While this theory appears to recognize the arts in relation to the church, what about spaces for art such as galleries and artists’ studios? May these too be sacred spaces? After all, these venues present art which evoke extraordinary experiences and emotions…introspection, examination, reflection, reconciliation. For the record some exhibitions are quite provocative and challenging, however it’s the space that comes into question, as there are unlimited and diverse artists. One place that held a level of reverence for the arts community was Nas Studio and Guarmayle Art Center in Piassa. It was a place where many came to connect, revere, reflect and find comfort in shared moments of enjoyment and enlightenment. After many efforts to transform and keep the space, in accordance with the city’s river plan, the world watched this week as the Center’s owner Mifta Zelleke and internationally renowned resident artists, Tamrat Gezaghen, Dawit Adinew and Leikun Nahusenay amongst others, scrambled to remove their art. Created on canvas, wood, stone and other materials found by the river running under the Ras Mekonnen bridge, social media shared the demolition of the 22 year-old art space. Thousands of viewers and comments expressing pain and sadness could not halt the process. We bid them farewell, at that location.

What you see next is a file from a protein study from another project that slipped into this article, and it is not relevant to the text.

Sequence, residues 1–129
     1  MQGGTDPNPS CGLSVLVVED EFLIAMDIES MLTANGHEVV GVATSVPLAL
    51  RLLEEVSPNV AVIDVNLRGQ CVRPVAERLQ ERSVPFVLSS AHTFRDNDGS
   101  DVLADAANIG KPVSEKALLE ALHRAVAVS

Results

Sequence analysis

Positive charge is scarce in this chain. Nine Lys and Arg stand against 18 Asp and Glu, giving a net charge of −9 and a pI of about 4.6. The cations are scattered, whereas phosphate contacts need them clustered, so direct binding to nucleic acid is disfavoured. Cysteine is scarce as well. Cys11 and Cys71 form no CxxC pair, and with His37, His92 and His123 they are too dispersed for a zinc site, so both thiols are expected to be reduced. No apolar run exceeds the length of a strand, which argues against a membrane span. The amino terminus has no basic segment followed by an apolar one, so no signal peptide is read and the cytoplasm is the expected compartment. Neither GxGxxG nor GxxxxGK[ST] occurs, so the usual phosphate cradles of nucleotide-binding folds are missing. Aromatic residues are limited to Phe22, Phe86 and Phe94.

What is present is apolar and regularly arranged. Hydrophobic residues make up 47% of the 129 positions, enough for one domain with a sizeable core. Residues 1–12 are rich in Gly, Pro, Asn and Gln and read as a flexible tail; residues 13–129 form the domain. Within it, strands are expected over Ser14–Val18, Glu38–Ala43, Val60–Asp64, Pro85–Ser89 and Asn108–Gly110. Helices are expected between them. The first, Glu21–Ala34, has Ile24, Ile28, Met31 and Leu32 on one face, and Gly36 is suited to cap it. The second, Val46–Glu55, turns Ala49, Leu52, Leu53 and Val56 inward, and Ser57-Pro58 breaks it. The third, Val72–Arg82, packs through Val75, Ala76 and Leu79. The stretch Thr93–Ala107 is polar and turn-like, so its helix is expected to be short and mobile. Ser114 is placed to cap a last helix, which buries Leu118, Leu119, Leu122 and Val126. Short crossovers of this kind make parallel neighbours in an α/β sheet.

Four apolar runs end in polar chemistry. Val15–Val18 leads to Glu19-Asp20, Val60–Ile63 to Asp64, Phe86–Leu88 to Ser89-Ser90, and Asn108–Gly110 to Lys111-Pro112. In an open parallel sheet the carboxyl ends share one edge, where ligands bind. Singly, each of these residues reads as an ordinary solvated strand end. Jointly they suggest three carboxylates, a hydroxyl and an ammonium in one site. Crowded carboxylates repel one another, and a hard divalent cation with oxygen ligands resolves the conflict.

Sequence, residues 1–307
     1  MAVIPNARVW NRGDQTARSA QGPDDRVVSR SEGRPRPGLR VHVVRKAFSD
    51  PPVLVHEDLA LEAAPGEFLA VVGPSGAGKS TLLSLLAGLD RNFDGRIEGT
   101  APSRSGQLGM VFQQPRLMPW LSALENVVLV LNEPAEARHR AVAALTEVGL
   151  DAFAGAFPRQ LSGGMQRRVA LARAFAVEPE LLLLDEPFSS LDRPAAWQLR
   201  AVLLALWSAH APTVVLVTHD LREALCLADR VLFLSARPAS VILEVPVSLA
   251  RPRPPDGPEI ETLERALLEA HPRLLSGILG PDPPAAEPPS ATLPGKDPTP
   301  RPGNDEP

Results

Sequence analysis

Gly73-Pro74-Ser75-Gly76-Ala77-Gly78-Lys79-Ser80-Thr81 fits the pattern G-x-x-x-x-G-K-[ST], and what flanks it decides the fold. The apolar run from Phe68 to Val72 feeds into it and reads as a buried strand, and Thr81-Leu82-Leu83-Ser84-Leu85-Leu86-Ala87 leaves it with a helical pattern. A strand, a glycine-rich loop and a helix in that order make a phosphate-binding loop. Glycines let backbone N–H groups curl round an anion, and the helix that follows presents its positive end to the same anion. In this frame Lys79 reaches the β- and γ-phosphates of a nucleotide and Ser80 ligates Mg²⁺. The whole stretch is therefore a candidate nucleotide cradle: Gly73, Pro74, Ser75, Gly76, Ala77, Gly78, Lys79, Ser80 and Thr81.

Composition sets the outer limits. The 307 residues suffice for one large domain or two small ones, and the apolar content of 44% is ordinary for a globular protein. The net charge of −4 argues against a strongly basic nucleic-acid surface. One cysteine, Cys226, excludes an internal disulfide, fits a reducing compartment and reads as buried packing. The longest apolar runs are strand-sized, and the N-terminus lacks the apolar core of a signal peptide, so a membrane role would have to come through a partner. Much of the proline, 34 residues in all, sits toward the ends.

The Nyahbinghi Tabernacle, an iconic Rastafari sacred space, designed after the circular Ethiopian Orthodox Church, was built in Shashamene and inaugurated in 1992, one year after the Derg fell. The Majesty’s Centenary celebration, July 92,’ attracted hundreds to Shashamene while thousands have visited over the years. The Tabernacle was built through international efforts of Rastafari worldwide, Pan Africans and supporters. It was large enough to host hundreds with a compound decorated by images of His and Her Majesties, African leaders, Holy Bible verses and excerpts of The Majesty’s speeches. The tabernacle Headquarters is museum-like, depicting the history and goals of the Rastafari Movement, attracting tourists, journalists, researchers and more. Sadly, a major part of the tabernacle was demolished on May 28 due to an unsettled issue with local authorities regarding the master plan and Nyahbinghi House border. Real estate development and infrastructure are crucial for Ethiopia’s future and we can find ways to respect sacred spaces be they religious, natural and/or artistic. Social cohesion can be achieved through the recognition and usage of art and faith-based spaces are important tools for development, peace and security. “The ancient paintings that are still to be seen in the great monasteries and churches of Ethiopia…carvings…which have come down to us in the ruins of the ancient palaces bear witness to the fact that the fine arts had attained a comparatively high degree of development even in early times. […] Our admiration for the creator’s handiwork should not be limited to those things he has provided us with for our daily needs, but should include all that is good and beautiful. It is these tender feelings of deep and silent admiration evoked from our hearts by the beauties of creation that should find adequate expression in the fine arts.” HIM Emperor Haile Selassie I.

Dr. Desta Meghoo is a Jamaican born
Creative Consultant, Curator and cultural promoter based in Ethiopia since 2005. She also serves as Liaison to the AU for the Ghana based, Diaspora African Forum